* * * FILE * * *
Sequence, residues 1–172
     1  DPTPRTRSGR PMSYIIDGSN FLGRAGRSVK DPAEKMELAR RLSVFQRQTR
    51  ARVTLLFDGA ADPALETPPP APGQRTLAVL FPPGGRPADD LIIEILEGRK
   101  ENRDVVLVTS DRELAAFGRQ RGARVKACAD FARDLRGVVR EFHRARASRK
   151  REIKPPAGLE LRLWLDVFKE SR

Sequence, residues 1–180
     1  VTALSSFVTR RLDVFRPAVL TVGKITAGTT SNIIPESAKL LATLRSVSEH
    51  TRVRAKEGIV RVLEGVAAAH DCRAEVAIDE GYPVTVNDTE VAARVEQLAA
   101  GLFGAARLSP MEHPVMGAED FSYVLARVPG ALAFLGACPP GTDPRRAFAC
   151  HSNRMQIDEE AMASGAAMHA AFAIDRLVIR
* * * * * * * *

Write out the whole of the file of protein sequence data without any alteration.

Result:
Sequence, residues 1–172
     1  DPTPRTRSGR PMSYIIDGSN FLGRAGRSVK DPAEKMELAR RLSVFQRQTR
    51  ARVTLLFDGA ADPALETPPP APGQRTLAVL FPPGGRPADD LIIEILEGRK
   101  ENRDVVLVTS DRELAAFGRQ RGARVKACAD FARDLRGVVR EFHRARASRK
   151  REIKPPAGLE LRLWLDVFKE SR

Sequence, residues 1–180
     1  VTALSSFVTR RLDVFRPAVL TVGKITAGTT SNIIPESAKL LATLRSVSEH
    51  TRVRAKEGIV RVLEGVAAAH DCRAEVAIDE GYPVTVNDTE VAARVEQLAA
   101  GLFGAARLSP MEHPVMGAED FSYVLARVPG ALAFLGACPP GTDPRRAFAC
   151  HSNRMQIDEE AMASGAAMHA AFAIDRLVIR